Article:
B A F T A   2009

Consider many of the past decade’s most influential and provocative British films, television dramas and documentaries – on occasion, an eye-catching mix of all three – and it’s difficult to sidestep the name of versatile cinematographer, Barry Ackroyd BSC.

From Sunday and Hillsborough – recreations of, respectively, the 1972 Derry and 1989 football stadium disasters – to Nick Broomfield’s searing South African exposé, The Leader, The Driver and The Driver’s Wife and the Academy Award winning Anne Frank Remembered, it’s a roll call to relish.

Then, of course, there have been the collaborations with Dominic Savage (Out of Control, Love + Hate) and Stephen Poliakoff (The Lost Prince, Friends and Crocodiles, Gideon’s Daughter). But perhaps Ackroyd’s name is most associated with veteran director Ken Loach for whom he has shot no fewer than 12 films, including their Cannes Film Festival Golden Palm-winning The Wind That Shakes The Barley, set in 1921 Ireland.

Shooting exactly the same time, to mark the 30th Anniversary of the killings, Greengrass made Bloody Sunday while Ackroyd lit Sunday for director Charles McDougall. However, when they finally got together for the first time on United 93, it was, from Ackroyd’s point of view, more by good luck than judgement.

He explained: “Paul usually worked with Ivan Strasburg who is a great influence on my work. This time around, Ivan was busy, which was lucky for me. We met for the first time only a few weeks before we started prepping but seemed to get on straight away. He’s not a man of many words and like to delegate his work out to people. That way, he gets people to give their most.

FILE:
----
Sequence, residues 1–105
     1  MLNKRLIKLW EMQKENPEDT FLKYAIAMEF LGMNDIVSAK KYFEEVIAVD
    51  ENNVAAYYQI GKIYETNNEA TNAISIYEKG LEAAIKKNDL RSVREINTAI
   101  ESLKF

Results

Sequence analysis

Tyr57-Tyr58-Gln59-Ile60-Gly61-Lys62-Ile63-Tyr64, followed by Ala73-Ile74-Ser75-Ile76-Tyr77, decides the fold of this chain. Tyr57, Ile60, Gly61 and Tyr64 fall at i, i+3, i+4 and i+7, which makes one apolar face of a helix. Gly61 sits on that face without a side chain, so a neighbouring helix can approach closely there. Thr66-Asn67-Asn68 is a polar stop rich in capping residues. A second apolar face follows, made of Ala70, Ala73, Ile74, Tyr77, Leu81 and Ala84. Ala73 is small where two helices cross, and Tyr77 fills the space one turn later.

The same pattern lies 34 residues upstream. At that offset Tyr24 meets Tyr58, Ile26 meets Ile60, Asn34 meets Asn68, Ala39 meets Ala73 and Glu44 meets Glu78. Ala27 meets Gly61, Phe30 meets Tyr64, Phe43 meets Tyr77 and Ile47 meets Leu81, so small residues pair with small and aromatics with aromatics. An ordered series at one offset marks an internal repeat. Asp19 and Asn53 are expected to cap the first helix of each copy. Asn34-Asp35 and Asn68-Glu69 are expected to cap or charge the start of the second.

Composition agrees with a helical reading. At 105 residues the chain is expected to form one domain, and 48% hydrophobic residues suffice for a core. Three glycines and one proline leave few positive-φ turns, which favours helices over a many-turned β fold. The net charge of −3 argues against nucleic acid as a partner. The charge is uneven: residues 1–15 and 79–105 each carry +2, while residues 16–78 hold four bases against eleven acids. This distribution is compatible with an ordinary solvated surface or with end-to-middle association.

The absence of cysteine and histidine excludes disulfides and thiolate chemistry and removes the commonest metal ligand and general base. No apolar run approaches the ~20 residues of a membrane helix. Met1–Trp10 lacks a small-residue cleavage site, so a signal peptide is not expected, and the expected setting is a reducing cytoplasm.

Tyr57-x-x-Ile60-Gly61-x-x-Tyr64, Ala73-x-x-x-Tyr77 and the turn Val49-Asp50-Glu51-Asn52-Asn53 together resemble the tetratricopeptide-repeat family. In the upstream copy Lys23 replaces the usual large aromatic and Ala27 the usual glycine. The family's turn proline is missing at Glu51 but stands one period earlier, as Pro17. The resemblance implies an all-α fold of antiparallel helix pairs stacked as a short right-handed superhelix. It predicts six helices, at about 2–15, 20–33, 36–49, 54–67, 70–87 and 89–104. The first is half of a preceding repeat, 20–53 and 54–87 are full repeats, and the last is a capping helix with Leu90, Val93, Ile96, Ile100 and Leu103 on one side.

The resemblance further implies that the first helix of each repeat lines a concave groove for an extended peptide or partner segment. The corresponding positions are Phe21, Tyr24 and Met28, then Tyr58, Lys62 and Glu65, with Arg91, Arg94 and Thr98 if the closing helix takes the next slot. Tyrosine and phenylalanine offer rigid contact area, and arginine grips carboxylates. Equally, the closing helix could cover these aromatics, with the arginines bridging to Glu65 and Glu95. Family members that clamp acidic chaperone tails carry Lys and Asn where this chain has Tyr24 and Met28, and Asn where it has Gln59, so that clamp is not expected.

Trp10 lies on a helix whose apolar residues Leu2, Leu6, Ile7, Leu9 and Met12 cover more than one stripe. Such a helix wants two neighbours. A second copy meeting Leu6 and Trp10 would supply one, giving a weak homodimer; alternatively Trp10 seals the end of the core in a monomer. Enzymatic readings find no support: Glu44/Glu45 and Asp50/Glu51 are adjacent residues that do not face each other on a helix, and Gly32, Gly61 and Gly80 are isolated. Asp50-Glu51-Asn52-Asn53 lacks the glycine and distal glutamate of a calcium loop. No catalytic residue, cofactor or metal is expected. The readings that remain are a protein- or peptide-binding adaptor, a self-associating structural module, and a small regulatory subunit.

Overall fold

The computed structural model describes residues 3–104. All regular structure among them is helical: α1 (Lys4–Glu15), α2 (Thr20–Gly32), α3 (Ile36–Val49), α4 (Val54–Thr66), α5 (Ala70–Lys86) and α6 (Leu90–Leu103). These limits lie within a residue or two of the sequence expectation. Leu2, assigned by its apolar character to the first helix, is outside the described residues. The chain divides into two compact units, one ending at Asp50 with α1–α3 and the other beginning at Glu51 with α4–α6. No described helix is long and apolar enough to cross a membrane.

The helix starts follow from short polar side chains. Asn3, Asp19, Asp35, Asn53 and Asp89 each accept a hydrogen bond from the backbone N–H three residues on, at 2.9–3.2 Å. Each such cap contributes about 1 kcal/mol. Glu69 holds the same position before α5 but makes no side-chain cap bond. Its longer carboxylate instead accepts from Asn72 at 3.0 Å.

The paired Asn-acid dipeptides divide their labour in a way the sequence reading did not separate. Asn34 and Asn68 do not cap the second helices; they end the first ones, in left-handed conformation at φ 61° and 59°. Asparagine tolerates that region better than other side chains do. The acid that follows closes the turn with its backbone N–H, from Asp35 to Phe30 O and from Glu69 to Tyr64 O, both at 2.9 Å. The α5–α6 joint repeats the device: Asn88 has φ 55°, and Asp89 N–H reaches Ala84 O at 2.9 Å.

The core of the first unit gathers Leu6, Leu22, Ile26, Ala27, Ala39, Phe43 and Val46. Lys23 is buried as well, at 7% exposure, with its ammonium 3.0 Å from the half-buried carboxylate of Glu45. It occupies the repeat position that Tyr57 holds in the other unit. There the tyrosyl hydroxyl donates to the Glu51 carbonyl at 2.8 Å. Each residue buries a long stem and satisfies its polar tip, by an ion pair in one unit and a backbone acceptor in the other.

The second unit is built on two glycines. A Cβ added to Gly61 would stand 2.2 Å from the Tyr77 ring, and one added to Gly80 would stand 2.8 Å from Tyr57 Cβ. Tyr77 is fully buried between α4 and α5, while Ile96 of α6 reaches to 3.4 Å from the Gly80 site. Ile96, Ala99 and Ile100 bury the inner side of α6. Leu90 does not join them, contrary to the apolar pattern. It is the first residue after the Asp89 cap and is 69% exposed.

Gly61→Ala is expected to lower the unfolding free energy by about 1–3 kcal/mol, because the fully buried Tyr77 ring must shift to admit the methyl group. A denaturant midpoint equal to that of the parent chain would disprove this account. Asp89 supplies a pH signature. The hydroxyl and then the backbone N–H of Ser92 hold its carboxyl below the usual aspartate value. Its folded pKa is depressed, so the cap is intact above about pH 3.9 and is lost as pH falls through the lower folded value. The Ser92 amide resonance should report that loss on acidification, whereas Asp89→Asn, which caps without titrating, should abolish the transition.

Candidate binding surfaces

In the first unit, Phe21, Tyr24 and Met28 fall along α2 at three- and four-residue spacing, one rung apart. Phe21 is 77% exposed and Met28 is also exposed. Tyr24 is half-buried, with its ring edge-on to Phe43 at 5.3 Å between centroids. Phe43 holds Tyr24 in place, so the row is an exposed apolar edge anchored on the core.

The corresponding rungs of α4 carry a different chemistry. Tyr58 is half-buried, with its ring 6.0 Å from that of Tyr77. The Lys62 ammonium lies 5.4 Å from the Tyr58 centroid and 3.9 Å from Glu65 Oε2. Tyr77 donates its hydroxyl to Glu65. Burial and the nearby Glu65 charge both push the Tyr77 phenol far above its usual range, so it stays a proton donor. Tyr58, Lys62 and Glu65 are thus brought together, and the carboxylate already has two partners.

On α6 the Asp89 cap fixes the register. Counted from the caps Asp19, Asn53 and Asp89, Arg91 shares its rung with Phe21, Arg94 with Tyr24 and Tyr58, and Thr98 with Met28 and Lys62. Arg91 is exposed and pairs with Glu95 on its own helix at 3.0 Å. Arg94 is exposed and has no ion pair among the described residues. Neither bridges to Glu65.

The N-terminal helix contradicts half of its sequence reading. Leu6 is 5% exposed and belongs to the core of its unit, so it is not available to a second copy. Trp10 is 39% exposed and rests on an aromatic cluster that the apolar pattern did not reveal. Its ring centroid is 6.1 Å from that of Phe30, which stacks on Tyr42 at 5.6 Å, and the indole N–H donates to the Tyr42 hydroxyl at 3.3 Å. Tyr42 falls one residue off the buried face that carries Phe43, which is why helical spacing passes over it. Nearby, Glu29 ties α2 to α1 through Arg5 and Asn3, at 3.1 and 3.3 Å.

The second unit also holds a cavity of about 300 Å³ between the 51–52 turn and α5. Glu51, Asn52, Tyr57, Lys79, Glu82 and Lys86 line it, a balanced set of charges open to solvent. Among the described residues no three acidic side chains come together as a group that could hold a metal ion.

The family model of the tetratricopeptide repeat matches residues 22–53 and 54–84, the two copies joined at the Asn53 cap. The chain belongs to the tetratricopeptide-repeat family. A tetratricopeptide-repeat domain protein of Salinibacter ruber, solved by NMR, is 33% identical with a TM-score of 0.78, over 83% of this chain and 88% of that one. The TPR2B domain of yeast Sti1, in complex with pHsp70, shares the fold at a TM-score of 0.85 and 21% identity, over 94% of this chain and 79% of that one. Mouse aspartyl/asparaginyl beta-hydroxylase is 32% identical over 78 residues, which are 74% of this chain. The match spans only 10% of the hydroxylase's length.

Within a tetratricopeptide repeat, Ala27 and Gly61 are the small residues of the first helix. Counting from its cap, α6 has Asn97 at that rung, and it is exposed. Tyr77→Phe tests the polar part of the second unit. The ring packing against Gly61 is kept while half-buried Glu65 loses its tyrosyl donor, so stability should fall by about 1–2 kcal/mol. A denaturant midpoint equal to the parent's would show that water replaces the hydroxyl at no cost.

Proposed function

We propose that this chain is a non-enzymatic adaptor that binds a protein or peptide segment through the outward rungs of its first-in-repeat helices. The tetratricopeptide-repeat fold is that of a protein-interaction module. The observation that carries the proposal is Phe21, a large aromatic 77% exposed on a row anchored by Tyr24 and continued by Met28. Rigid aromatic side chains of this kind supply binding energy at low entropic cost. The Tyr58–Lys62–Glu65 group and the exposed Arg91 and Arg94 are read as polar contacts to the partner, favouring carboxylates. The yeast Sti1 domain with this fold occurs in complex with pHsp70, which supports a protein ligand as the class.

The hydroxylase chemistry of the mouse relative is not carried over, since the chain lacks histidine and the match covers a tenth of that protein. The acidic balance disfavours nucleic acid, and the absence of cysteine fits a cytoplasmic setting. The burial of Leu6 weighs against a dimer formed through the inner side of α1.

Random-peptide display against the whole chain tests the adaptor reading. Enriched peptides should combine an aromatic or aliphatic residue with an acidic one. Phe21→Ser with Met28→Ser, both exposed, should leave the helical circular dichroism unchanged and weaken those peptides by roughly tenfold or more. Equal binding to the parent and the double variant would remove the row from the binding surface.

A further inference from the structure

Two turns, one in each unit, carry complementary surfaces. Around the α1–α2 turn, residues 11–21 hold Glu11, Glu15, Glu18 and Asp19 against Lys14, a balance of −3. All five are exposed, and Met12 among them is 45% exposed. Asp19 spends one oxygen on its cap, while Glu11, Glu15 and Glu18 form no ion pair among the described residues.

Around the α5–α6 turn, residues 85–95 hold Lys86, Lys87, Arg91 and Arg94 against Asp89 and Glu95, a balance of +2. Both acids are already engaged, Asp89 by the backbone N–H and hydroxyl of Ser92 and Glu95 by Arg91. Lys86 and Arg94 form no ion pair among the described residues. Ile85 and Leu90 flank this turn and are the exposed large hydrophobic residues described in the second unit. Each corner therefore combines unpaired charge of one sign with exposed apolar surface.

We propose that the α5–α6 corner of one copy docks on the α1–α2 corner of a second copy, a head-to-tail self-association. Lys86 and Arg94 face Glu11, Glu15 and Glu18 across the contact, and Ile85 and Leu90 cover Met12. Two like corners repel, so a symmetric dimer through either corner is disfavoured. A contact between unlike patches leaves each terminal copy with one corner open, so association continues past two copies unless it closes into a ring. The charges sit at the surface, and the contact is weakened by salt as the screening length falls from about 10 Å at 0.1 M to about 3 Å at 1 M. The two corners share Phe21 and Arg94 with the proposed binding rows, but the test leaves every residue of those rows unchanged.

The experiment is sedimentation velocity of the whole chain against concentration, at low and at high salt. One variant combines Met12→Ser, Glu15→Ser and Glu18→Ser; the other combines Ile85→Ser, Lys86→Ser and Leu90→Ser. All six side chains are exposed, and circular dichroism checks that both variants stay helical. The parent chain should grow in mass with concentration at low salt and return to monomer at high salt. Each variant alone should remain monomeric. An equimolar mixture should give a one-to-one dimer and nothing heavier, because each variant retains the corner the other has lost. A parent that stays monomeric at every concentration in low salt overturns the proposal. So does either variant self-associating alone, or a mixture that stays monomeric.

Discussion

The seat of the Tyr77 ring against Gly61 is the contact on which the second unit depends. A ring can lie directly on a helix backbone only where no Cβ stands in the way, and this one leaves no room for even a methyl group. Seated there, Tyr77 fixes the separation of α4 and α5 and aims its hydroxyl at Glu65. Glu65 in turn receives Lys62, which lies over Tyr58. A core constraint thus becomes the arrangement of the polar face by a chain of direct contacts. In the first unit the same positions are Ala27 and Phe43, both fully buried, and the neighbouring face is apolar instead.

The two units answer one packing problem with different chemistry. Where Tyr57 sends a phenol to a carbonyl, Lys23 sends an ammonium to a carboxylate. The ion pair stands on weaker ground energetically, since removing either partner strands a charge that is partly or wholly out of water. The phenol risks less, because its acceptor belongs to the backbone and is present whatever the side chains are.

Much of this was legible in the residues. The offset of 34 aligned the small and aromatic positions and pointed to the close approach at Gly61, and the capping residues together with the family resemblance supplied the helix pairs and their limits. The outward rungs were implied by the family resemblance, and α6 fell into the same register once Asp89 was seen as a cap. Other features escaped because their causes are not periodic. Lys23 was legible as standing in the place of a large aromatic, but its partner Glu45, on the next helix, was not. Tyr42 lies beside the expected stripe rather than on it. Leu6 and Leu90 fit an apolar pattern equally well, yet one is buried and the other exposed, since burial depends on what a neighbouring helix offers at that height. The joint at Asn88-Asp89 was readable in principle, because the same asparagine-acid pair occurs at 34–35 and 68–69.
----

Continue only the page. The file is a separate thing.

“The film happened very quickly and the script was very simple: this happened, then that happened….it wasn’t overcomplicated or full of camera moves.

“It actually took me back to the great days of documentary making when you could take a complete journey from beginning to end with only the vaguest idea of where you were going at the outset.

Despite his long association with Loach, Ackroyd was intrigued to discover that Greengrass has actually singled out Dominic Savage’s Out Of Control as one of the DP’s credits he particularly admired. “He seemed to like the approach and the look of it. When I work outside Ken’s sphere, the key for me is to keep the same signature but to work with other people’s briefs.”

As a film fan with a particular love for the French New Wave, Ackroyd, who switched from the thoughts of being a sculptor to cinematography early on, thinks he remembers seeing Loach’s Kes when it first came out. “I recognised the kids in that film. I’m from a northern industrial town, with a comprehensive school background, exactly the same as the kids in the film.

Quentin Falk, 2012